New report: Traditional aboriginal knowledge key to Boreal Forest

United Nations initiative recognizes Boreal's global importance

OTTAWA, Feb. 1 /CNW Telbec/ - Traditional knowledge held by Canada's Aboriginal people about the Boreal Forest offers western scientists a vitally important information source, according to a report published by the David Suzuki Foundation, the Canadian Boreal Initiative, and the Boreal Songbird Initiative. With the Boreal Forest facing increasing threats from climate change, habitat loss and fragmentation, and invasive species, this knowledge is more important than ever.

The report, Conservation Value of the North American Boreal Forest from an Ethnobotanical Perspective, describes the deep botanical and ecological knowledge that Canada's Aboriginal peoples have gained over thousands of years of using the Boreal Forest as grocery, pharmacy, school, and spiritual centre. The report notes that the value of the Canada's Boreal Forest to Aboriginal people in terms of subsistence (plant and animal) foods alone could reach up to $575.1 million. Many other values have yet to be quantified.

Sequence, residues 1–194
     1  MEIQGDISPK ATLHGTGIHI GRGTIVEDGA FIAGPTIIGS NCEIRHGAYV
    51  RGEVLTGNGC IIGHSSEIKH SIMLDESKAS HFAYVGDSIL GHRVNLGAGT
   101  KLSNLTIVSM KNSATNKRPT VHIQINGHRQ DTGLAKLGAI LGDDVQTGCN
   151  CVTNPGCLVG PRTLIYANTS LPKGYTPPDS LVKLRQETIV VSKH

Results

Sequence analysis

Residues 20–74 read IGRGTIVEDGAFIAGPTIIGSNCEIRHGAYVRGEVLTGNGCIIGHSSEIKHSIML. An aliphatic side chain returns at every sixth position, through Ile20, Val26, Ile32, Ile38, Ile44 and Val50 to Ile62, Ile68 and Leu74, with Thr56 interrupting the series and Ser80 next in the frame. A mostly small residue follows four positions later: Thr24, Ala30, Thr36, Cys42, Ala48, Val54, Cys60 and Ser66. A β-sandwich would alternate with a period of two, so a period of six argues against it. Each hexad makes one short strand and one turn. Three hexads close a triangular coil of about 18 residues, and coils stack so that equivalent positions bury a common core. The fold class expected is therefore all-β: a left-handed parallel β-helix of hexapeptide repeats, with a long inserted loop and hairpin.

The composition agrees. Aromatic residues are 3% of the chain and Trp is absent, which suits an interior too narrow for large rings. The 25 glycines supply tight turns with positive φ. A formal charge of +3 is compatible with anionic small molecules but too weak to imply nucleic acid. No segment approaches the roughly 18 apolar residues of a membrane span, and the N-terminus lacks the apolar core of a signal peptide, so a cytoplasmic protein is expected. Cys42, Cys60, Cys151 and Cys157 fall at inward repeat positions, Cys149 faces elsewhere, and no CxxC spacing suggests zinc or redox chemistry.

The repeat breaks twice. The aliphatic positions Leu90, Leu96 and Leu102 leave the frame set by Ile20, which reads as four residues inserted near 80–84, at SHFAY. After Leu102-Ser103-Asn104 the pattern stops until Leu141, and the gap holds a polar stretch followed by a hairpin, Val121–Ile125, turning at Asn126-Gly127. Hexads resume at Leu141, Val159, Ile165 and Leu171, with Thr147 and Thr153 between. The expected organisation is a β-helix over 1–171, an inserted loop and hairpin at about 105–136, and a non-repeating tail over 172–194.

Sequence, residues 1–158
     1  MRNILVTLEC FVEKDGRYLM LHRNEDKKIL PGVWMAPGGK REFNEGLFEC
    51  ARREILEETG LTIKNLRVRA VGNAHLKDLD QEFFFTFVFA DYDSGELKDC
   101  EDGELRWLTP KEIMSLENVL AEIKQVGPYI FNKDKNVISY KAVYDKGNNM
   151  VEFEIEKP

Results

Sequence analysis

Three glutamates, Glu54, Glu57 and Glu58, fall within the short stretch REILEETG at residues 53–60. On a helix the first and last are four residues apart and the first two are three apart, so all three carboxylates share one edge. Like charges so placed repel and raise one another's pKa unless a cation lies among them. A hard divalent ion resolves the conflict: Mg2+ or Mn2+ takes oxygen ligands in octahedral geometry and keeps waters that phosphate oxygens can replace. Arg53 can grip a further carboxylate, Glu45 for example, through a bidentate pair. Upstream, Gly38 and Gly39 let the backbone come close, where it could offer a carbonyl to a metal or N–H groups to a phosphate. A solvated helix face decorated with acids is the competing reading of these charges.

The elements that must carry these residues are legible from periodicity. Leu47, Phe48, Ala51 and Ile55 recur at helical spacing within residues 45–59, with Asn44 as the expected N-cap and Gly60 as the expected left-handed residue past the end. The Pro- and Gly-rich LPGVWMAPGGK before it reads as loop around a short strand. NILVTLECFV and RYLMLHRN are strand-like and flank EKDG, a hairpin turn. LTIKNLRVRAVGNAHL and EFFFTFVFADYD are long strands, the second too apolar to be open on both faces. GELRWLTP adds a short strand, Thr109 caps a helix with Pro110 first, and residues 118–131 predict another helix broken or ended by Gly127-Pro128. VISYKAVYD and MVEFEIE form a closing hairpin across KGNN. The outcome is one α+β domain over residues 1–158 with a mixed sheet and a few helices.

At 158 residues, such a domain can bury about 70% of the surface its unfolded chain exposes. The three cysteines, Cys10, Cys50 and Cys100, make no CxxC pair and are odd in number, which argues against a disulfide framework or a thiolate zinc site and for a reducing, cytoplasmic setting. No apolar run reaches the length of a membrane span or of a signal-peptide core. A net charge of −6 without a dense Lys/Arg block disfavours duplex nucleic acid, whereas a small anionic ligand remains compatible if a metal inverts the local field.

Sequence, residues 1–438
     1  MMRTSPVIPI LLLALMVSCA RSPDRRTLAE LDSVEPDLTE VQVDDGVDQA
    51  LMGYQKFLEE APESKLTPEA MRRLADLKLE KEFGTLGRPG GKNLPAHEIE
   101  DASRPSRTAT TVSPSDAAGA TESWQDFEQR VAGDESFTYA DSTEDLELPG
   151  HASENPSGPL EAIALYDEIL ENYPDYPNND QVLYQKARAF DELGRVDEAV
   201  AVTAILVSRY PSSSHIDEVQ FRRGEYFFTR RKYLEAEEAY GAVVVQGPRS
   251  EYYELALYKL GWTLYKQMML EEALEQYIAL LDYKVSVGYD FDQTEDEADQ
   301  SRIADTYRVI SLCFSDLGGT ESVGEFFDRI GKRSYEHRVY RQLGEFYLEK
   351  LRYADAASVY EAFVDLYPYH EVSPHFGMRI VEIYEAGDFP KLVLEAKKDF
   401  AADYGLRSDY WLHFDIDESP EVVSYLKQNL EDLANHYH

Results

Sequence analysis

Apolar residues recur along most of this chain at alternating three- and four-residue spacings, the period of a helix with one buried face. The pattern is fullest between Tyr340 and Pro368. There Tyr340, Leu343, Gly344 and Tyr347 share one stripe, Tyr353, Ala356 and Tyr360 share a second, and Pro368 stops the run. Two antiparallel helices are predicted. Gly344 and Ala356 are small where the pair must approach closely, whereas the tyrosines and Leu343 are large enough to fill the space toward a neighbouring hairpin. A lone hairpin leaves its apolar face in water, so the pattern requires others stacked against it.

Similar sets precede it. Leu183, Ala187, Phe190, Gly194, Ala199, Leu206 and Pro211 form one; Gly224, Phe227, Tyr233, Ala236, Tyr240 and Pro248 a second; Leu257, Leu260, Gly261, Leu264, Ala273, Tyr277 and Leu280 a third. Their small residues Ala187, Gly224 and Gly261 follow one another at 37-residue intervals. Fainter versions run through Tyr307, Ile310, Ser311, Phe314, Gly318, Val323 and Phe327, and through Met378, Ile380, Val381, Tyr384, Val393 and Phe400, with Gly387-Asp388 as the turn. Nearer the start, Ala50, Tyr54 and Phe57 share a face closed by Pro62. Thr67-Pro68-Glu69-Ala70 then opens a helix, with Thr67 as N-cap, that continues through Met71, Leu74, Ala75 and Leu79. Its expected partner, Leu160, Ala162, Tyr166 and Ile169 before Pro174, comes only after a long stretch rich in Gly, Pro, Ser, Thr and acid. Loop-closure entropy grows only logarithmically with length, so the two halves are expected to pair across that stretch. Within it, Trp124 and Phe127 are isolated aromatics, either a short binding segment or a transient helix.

"The deeply rooted knowledge of indigenous communities remains an essential but often overlooked element in conservation planning," said Larry Innes, executive director of CBI. "This report contributes to building a better awareness among Canadians about the richness and diversity of plant use and knowledge among indigenous peoples."

The report illustrates how scientists and policymakers often overlook ecological issues until a crisis arises. For example, although few plants species in the boreal region are classified as threatened or endangered under the federal Species at Risk Act or provincial and territorial species legislation, many face widespread human-induced pressures, including habitat loss and climate change.

According to respected Canadian scientist and environmentalist David Suzuki: "Harvesting, processing, and selling wild plants such as blueberries from the Boreal Forest offers sustenance and profit to many northern communities in Canada. Industrial activities undertaken without the prior involvement or consent of indigenous people can harm important species that sustain community health and wellbeing."

Environmental studies professor Nancy Turner, of the University of Victoria in British Columbia, agrees: "This report acknowledges that we must not overlook the close interrelationships between indigenous peoples and their lands. Scientists must consider their critical importance as keepers of traditional ecological knowledge."

The report follows a recent study by the UN Secretariat for the Convention on Biodiversity (CBD) that emphasizes the critical importance of forest biodiversity in preserving the planet's overall health.